Ball Don't Lie

Gregg Popovich defends LeBron James’ all-around game, because Pop knows the game all around

Kelly Dwyer
Ball Don't Lie

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Gregg Popovich and LeBron James, during Saturday's team practices (Getty Images)

San Antonio Spurs coach Gregg Popovich has never lost in four NBA Finals appearances, but he knows the feeling. The feeling that leaves you wanting after acting as a major part of a championship contender, and yet still falling short once spring or summer hits. You give all you can, and yet it’s still not enough.

At least, you think you’ve given all you can. A look at game tape, or the opponent that eventually bested the one that defeated you, or a few pointed sportswriter columns may reveal, later, what you were missing in the moment.

Gregg Popovich hasn’t won a title since 2007, and while this is a mitigating mention that most other NBA head coaches will kill for, it’s still a tough reality for a coach that enters every training camp with high ideas about his team’s station. Miami Heat star LeBron James is coming off of his first title, but this is his third straight Finals appearance following two disappointing Eastern Conference playoffs runs in 2009 and 2010, and he’s already hearing the criticism after scoring “only” 18 points in Miami’s Game 1 loss.

Coach Pop, typically mindful of things most aren’t, rushed to LBJ’s defense in a curt meeting with the media on Saturday:

He's a grown man. He doesn't need any of you to tell him anything.

He knows more than all of you put together. He understands the game. If he makes a pass and you all think he should have shot it, or he shoots it and you think he should have made a pass, your opinions mean nothing to him, as they should not mean anything to him.

He's a great player, and his decisions are what they are to gain. All decisions don't always work out. They didn't always work out for Michael or Tim Duncan or Shaq or Kobe Bryant or whoever. You make a decision and that's what you go with.

All the chirp, chirp, chirping about what he should have done, I thought it was hilarious from the beginning. Frankly, I was very happy for him as the year progressed when it became obvious he was comfortable in his own skin and didn't need to listen to any of you all.

In a way, Popovich is lucky to not have to hear the chirp, chirp, chirping at the same volume James has had to work through over the last few years. That’s the luxury of never having to dribble the ball or make a decision on whether to pass or shoot while still in the air. And to his everlasting discredit, James added to his own personal brand of noise by making an embarrassing spectacle of his free agent choice during the summer of 2010.

Popovich called Heat personnel chief Pat Riley during that summer to congratulate him on his work in securing James, Dwyane Wade, and Chris Bosh, and yet it’s Riley that should be reaching out to Coach Pop after Game 1 to turn over the same compliment.

Miami could roll from here on out, defending its title and taking the series, but for the first 48 minutes of these 2013 NBA Finals Popovich’s schemes led to what had to have been the most frustrating triple-double in NBA Finals history – James came through with 18 points, 18 rebounds and 10 assists, and his team had a chance to win down the stretch, but the San Antonio defense should have been credited doubly and then triply before James was to be given the lash by “you all.” All while Bosh and Wade faltered in LeBron’s reserve.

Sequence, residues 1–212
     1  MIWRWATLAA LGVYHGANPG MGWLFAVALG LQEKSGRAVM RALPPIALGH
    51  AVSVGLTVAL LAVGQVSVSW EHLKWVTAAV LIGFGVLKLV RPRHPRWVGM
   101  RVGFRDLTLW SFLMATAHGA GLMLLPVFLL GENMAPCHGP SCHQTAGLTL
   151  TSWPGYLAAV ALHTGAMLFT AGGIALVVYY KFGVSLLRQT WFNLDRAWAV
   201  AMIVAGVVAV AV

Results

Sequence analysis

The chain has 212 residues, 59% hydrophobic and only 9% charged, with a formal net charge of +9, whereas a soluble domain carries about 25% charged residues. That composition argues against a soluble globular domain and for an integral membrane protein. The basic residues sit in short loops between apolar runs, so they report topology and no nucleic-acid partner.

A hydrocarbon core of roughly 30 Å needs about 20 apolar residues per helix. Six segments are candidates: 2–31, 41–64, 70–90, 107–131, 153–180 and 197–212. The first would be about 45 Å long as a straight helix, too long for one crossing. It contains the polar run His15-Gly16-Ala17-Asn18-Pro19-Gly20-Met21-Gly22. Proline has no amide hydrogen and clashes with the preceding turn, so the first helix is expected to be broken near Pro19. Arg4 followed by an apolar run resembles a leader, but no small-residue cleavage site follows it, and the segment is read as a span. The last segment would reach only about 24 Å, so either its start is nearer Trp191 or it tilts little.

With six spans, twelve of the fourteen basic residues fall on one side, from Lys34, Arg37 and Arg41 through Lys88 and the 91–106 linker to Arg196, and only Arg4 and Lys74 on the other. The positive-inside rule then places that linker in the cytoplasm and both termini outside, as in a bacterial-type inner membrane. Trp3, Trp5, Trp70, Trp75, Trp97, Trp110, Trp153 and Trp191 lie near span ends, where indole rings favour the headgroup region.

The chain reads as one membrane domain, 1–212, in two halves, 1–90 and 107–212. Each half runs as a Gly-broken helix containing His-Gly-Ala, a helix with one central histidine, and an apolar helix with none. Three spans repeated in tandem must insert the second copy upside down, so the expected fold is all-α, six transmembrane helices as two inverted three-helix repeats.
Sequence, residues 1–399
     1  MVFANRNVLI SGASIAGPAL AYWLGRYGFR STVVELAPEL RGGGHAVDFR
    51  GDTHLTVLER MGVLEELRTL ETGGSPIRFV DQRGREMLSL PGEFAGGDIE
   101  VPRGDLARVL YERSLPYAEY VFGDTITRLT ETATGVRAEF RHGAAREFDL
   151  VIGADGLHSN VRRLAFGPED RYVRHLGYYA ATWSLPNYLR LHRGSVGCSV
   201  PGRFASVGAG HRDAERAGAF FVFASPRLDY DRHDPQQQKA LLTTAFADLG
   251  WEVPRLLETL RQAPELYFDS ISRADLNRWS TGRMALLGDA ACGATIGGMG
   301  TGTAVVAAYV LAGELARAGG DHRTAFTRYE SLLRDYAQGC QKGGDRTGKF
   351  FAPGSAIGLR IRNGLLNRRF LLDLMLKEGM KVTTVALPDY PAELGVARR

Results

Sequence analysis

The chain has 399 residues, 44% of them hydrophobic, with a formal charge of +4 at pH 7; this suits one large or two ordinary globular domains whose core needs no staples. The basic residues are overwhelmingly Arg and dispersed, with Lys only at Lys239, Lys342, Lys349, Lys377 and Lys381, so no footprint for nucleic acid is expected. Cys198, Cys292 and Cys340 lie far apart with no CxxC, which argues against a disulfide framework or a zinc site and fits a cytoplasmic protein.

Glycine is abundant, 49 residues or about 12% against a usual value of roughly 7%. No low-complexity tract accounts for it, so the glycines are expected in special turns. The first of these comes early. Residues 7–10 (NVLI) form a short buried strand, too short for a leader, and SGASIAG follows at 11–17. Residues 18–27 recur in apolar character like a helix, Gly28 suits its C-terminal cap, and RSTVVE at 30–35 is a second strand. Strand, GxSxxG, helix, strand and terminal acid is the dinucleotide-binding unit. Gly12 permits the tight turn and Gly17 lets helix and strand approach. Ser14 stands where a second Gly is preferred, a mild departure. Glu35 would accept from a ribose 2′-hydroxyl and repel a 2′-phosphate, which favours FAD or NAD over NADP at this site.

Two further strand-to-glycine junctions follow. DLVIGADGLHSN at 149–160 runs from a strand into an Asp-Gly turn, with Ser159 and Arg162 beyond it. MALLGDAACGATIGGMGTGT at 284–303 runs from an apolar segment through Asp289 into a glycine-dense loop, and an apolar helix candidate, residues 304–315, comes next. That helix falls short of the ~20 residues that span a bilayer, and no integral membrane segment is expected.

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Dwyane Wade and Chris Bosh combined to shoot 13-31 in Game 1 (Getty Images)

The game plan certainly wasn’t as simple as San Antonio forcing LeBron to make it all about himself, but the Spurs’ hedging and talking and preparation left us looking at what we assumed was going to be a 2017-version of Dwyane Wade, with Chris Bosh turning in an unimpressive Danny Schayes impersonation. James was chased out of the post, eased out of his comfort spots in the mid-range portion of the court, and left to make basketball plays.

The problem with that is that the Miami Heat roster was built to feed off of LeBron James making LeBron James plays, and not “basketball plays.” Franchises that go to an ailing Mike Miller during the heat of June can’t completely rely on the correct basketball play to down a fellow conference champion. This is a top heavy team that is reliant on James playing perhaps the best basketball that any of us have ever seen in order to win a championship.

James is familiar with the scenario.

Prior to Game 2 LeBron relayed that he made a point to do “what's best for the team,” and that what’s best for the team “doesn't always result in a win,” and he’d be right in that regard. This wasn’t always the case in 2010 and 2011, when James minded his Ps and left us with plenty of Qs down the stretch of close games that he could have fully dominated, but by and large James has been a mindful competitor that understands that a single two-possession loss to a fantastic championship-level team shouldn’t alter a legacy.

Gregg Popovich understands as much, as well. And he also understands that, despite his chalkboard machinations, LeBron James is the sort of player that double that 18-point output while still delivering those 18 rebounds and 10 assists.

Coach Pop isn’t trying to butter LeBron up, and make him a friend heading into a must-win Game 2. He just knows what LeBron James has in him, and that James’ fearsome potential runs parallel to the respect Gregg Popovich has for LeBron playing the right way. It sort of makes sense that these titans of industry would see eye to eye on how to run their warring empires.

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